Embodiments of the present disclosure may be realized in any of various forms. For example, in some embodiments, the present invention may be realized as a computer-implemented method, a computer-readable memory medium, or a computer system. In other embodiments, the present invention may be realized using one or more custom-designed hardware devices such as ASICs. In other embodiments, the present invention may be realized using one or more programmable hardware elements such as FPGAs.

In some embodiments, a non-transitory computer-readable memory medium may be configured so that it stores program instructions and/or data, where the program instructions, if executed by a computer system, cause the computer system to perform a method, e.g., any of a method embodiments described herein, or, any combination of the method embodiments described herein, or, any subset of any of the method embodiments described herein, or, any combination of such subsets.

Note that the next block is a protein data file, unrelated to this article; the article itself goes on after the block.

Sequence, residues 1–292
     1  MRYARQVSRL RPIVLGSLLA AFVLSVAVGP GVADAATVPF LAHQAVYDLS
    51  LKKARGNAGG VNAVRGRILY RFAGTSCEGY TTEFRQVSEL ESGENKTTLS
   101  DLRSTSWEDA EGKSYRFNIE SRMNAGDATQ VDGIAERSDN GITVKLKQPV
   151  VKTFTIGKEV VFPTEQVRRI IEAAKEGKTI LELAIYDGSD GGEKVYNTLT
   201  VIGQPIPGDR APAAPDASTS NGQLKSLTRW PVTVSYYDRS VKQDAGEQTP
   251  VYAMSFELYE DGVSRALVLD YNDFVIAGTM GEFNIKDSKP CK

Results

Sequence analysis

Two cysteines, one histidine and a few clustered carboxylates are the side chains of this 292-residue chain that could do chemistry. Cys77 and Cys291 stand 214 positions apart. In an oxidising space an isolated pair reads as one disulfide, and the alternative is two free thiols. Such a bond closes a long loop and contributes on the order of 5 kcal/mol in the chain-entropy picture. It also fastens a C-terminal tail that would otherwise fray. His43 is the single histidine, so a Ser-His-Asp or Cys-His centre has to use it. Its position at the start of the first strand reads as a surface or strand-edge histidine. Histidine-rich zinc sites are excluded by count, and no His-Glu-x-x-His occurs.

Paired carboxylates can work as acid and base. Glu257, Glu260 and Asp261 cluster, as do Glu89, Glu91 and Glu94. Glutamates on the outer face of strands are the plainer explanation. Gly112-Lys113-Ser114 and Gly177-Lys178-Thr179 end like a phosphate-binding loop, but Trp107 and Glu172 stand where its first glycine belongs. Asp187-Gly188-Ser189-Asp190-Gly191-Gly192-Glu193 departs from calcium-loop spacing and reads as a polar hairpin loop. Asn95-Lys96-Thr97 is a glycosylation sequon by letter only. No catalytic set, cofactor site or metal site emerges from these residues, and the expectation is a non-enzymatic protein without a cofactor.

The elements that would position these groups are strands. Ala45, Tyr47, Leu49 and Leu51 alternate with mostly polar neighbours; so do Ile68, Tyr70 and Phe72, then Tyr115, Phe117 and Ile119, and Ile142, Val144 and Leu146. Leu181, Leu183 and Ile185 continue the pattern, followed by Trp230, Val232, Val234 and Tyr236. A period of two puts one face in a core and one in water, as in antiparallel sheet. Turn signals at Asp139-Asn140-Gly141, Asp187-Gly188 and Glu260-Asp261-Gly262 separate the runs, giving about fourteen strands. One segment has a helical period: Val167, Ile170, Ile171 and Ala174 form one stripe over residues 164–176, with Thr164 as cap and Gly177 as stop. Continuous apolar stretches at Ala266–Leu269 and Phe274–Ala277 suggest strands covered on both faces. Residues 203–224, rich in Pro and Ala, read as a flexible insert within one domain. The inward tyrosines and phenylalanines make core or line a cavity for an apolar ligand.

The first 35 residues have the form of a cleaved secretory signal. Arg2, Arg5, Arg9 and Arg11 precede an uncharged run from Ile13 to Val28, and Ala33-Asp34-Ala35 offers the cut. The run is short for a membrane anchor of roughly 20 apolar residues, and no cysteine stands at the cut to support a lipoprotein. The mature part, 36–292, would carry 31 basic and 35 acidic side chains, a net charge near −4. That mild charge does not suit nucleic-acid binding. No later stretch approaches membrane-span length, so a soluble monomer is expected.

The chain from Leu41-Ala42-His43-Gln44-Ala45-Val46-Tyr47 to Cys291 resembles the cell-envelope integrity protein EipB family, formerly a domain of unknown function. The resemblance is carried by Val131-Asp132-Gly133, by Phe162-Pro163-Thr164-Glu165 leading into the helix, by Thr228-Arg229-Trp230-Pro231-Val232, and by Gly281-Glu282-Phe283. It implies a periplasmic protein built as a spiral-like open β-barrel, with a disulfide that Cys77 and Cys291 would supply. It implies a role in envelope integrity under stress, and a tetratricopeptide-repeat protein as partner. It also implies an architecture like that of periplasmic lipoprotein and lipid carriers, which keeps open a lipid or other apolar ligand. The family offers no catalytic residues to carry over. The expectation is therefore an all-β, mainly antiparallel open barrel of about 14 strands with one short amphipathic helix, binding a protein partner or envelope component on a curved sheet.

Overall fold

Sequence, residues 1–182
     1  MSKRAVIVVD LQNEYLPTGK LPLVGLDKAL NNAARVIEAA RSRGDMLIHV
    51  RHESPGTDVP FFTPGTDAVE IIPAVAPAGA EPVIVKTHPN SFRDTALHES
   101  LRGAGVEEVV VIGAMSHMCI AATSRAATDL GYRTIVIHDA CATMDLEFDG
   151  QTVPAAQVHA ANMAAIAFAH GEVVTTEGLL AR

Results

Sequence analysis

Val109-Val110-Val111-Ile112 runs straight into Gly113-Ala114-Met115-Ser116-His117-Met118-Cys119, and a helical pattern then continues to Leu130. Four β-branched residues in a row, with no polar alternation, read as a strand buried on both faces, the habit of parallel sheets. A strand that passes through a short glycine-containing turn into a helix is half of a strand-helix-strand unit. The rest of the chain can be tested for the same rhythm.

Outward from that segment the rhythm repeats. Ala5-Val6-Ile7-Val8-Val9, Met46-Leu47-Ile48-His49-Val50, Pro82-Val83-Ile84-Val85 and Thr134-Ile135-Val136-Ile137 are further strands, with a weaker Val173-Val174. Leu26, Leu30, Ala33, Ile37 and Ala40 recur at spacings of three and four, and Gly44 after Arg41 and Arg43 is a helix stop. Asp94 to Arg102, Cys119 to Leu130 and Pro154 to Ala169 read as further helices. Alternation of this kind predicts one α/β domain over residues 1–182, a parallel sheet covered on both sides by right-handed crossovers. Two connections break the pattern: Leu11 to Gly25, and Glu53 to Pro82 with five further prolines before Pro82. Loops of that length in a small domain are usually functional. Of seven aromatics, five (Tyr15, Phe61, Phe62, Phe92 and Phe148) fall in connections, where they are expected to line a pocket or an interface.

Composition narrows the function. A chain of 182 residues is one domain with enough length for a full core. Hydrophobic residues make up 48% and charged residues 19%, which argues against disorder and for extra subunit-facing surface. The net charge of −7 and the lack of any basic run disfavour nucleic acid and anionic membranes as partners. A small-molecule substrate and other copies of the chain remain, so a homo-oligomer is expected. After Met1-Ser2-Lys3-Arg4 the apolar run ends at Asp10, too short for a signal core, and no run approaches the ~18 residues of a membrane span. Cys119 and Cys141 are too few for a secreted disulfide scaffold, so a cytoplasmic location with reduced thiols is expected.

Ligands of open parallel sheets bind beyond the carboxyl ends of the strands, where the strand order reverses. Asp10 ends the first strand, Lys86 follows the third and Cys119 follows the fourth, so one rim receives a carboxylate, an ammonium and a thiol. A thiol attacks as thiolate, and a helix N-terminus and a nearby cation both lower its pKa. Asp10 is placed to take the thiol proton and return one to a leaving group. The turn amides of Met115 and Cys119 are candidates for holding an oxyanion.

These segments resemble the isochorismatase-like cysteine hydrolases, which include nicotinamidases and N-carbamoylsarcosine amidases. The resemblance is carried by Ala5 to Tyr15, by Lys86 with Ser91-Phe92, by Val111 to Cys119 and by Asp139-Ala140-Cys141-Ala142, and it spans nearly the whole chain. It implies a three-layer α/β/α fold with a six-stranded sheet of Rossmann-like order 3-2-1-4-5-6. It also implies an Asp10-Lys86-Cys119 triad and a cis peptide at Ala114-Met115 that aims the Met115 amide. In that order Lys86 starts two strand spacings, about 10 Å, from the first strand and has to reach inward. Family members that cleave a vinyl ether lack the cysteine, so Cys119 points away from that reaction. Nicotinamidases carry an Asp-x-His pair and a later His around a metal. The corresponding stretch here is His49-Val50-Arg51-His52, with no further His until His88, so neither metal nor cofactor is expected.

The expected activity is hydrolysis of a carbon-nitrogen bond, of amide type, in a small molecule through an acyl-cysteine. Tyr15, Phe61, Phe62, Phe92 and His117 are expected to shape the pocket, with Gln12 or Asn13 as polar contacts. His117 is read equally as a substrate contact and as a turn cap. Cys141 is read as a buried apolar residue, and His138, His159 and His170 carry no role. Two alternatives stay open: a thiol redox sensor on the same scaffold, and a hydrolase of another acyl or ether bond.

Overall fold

In some embodiments, a device (e.g., a UE) may be configured to include a processor (or a set of processors) and a memory medium, where the memory medium stores program instructions, where the processor is configured to read and execute the program instructions from the memory medium, where the program instructions are executable to implement any of the various method embodiments described herein (or, any combination of the method embodiments described herein, or, any subset of any of the method embodiments described herein, or, any combination of such subsets). The device may be realized in any of various forms.